Under the leadership of the Karlsruhe Institute of Technology (KIT), research on geothermal energy is planned with an underground laboratory unique in the world. It should be created in Odenwald or in the Black Forest.
The Helmholtz Association of German Research Centers alone will invest 35 million euros in the project. The project aims to further develop deep geothermal energy in order to be able to use it safely and to keep the environmental impact low, KIT announced in Karlsruhe.
The Federal Disposal Agency BGE is also investing another 15 million euros in the project. This is only basic research. The Karlsruhe scientists expressly intended not to find a nuclear waste repository site. The geology of the Rhine-Graben would be very unsuitable for this.
Geothermal energy can replace a third of the gas required for heat
According to plans published Wednesday, a kilometer-long tunnel will lead to cavities. From there, controlled flow tests should be performed at the Underground Geothermal Research Laboratory deep under a bed of rock as thick as possible and about 400 metres. According to KIT, a third of the gas requirements for heating in Germany can be replaced by heat from the depths.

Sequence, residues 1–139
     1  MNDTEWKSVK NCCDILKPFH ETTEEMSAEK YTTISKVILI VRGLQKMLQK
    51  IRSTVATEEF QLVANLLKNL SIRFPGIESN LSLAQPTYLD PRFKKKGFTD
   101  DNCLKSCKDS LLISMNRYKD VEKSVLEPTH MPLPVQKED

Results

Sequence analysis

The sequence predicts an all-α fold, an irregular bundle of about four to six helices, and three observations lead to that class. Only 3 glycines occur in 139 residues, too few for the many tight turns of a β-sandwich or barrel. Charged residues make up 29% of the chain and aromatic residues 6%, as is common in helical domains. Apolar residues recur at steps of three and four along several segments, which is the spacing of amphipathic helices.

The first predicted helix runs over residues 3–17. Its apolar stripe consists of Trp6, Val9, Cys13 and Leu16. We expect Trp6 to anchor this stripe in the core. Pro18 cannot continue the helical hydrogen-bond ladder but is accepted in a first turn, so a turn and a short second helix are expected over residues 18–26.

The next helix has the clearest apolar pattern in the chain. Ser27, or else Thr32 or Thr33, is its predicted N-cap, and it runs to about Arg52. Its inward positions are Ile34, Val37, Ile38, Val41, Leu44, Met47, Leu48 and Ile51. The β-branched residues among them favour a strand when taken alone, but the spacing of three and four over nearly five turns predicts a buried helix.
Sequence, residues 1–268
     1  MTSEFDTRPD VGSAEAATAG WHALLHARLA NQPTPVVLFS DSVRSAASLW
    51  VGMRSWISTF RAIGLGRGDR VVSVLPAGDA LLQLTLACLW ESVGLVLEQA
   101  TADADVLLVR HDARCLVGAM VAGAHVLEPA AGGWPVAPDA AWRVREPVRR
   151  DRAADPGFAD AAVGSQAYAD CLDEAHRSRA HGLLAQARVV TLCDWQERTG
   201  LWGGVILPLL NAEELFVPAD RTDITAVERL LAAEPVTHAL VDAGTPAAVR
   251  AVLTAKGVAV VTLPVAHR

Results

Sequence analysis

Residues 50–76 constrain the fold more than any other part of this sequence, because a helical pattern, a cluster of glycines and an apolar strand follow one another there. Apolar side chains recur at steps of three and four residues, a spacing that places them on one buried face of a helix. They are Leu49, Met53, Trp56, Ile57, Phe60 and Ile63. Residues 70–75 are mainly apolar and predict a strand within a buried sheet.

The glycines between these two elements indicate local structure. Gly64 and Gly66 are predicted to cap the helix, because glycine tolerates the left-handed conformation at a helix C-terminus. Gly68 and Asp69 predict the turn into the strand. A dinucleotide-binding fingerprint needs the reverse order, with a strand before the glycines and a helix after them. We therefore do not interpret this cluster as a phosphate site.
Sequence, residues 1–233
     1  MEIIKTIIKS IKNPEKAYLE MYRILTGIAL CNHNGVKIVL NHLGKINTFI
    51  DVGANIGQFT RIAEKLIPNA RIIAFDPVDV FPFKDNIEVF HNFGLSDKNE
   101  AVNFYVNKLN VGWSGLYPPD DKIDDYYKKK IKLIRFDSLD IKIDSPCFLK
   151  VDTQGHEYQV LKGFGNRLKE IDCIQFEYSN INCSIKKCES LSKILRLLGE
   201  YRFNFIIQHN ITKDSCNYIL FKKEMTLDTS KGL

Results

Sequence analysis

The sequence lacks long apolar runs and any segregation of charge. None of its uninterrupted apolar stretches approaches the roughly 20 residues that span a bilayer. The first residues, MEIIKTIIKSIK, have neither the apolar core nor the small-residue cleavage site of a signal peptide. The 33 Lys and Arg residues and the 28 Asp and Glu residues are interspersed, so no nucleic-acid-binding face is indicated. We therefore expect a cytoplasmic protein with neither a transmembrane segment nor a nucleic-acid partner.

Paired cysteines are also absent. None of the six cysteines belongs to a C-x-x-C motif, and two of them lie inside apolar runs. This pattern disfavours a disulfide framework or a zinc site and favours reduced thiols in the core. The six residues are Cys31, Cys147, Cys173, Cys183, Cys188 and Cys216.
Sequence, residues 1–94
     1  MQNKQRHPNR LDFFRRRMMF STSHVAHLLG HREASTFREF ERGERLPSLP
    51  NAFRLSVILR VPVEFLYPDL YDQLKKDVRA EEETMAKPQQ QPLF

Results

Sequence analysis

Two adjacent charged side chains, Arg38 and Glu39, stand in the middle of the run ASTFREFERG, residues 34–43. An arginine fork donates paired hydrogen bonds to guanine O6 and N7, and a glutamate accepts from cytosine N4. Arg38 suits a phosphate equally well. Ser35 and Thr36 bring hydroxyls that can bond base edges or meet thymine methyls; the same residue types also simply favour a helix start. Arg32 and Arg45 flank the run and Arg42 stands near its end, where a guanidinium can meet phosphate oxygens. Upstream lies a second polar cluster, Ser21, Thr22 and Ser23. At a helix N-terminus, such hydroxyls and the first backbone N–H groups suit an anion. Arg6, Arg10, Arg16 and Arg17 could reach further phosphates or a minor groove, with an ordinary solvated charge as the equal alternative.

Hot water can be pumped from great depths
Using deep geothermal energy, for example, it would be possible to visualize drilling in the Rhine Valley to a depth of 5,000 metres. The thermal water that will be pumped has high temperatures of up to 180 ° C. For participating scientists from KIT, the German Research Center for Geosciences (GFZ) and the Helmholtz Center for Environmental Research, deep geothermal energy is an essential energy transmission technology because it is available regardless of the time of year or day and because it is renewable.
A test gallery will be built in ten years
Three locations for the proposed underground laboratory are currently under discussion. In Odenwald or in the southern Black Forest, a test tunnel can be drilled into crystalline rocks in order to investigate the effects of geothermal processes directly in the mountain. The issue of location should be clarified within a year.
The project’s scientific coordinator, Thomas Cole of KIT, hopes the test tunnel can be drilled within ten years. It is especially important for him and his colleagues not to carry out the project without bypassing the population.
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